I sometimes wonder what’s more stressful for Seniors and their families–applying to college or the months long wait for responses from the colleges. At least with applying, there’s a deadline, a definite end point to the frenzied energy. Plus, the activity of writing essays and collecting letters of recommendation, completing the application keeps one busy. Whereas during the waiting period–roughly between November and April, everyday activity is on-going, but there’s those moments of quiet when the “I don’t know if I got in” concerns can be heard loudly. The college acceptance or denial can feel equally personal, which can add to the stress of waiting. The former can feel like a validation of one’s talents, intelligence, experiences and efforts. The latter can feel like a stranger’s inditement of one’s talents, intelligence, experiences and efforts. Plus, news reports of record numbers of applications at the University of California or other universities during the waiting time can touch sore spots–raising questions about one’s competitiveness such a large pool of applicants. Not to mention, when so-and-so at school or colleagues at work–for parents–report acceptances and denials from early applications, already sensitive nerves can feel further inflamed, arousing predictions based on comparison. The waiting period can feel like forever, with the unknowns about colleges responses giving one’s mind plenty of room to speculate and influence one’s mood. In the end, these trials are one of those character defining moments, that time in the movies when only music plays and you see the main character deep in contemplation, before the scenes cut to them taking some decisive action. You’re in the deep contemplation stage right now, so find some music to help you. (I personally hear the Rocky theme song at times like these…)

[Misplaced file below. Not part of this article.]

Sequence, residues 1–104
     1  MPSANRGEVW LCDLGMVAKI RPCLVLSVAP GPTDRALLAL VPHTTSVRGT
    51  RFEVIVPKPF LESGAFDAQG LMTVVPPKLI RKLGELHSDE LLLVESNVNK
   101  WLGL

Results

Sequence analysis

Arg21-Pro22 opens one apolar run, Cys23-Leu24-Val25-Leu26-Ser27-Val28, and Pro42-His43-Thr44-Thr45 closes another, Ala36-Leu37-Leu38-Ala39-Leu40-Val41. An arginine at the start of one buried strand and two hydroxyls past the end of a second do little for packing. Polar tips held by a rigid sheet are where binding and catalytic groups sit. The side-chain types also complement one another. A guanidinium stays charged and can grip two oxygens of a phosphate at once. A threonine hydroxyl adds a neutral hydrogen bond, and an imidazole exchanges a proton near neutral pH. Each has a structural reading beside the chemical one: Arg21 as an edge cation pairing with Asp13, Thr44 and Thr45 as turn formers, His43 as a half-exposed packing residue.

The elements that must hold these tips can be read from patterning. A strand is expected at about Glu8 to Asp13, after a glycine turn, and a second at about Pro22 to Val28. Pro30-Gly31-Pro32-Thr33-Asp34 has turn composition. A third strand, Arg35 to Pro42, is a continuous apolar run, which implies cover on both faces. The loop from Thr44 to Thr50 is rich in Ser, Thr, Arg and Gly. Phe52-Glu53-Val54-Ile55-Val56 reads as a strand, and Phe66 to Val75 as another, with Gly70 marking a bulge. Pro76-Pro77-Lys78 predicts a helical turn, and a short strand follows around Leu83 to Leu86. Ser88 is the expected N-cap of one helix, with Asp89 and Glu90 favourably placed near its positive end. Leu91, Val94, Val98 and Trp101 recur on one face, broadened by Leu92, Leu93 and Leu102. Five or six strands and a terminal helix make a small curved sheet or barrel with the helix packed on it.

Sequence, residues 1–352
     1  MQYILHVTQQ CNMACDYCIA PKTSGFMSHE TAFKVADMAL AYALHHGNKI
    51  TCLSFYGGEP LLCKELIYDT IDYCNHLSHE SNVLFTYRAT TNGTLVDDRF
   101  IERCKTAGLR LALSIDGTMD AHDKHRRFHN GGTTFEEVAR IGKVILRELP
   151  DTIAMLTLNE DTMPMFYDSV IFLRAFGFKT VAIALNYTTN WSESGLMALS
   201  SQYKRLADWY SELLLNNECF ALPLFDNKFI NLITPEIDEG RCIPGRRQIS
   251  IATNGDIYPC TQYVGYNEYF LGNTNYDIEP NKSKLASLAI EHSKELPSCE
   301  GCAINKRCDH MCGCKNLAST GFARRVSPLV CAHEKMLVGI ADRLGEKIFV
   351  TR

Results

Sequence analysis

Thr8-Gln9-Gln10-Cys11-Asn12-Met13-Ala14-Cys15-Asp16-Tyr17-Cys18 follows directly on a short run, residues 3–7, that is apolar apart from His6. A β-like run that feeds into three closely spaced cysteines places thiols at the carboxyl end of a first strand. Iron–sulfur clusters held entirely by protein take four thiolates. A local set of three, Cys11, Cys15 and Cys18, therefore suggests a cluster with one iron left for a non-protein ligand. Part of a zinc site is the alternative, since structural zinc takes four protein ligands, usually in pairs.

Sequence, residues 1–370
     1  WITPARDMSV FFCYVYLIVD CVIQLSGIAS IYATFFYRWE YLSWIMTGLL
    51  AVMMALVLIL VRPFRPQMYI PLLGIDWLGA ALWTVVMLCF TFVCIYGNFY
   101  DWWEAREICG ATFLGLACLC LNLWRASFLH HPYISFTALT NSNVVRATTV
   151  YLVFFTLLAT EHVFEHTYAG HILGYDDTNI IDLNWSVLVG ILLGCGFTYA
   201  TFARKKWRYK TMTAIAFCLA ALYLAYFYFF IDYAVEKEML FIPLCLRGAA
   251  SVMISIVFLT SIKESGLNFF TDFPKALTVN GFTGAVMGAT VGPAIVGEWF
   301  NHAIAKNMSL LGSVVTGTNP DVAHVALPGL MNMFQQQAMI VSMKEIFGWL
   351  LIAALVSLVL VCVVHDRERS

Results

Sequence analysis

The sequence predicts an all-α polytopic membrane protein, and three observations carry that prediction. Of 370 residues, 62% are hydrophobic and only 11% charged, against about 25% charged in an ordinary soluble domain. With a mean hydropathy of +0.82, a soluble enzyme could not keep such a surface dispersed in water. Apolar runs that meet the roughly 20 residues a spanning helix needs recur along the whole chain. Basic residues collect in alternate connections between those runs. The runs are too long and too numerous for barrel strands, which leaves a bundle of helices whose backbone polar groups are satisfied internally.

So, while there is no easy way to lessen the stress of waiting for the colleges to respond, the silver lining of the stress is the maturing that happens as students endure the waiting period and find they survive no matter the outcome. Additionally, students can avoid later in life regrets, “should-ing” themselves about having not applied to college. Sometimes, having tried and fallen short is less stressful, than having not tried at all. These are the unintended lessons for college applicants. While the stress of waiting can feel like some unique torture device designed simply to mess with you and you alone, you’re not alone, nor are you the first generation to feel similarly. Parents may remember anxiously checking the mailbox for the “fat envelope”, not the skinny one. My dad always told me, “Nothing you experience is unique to you,” which now that I’m older, means, “If someone else experienced what I am feeling right now and lived to tell the story, then I can too.” So, I recommend listening to my dad, and if that doesn’t work, stock up on extra chocolate. In 6-8 weeks, the wait will be over. And, the “good” problem of choosing which college begins.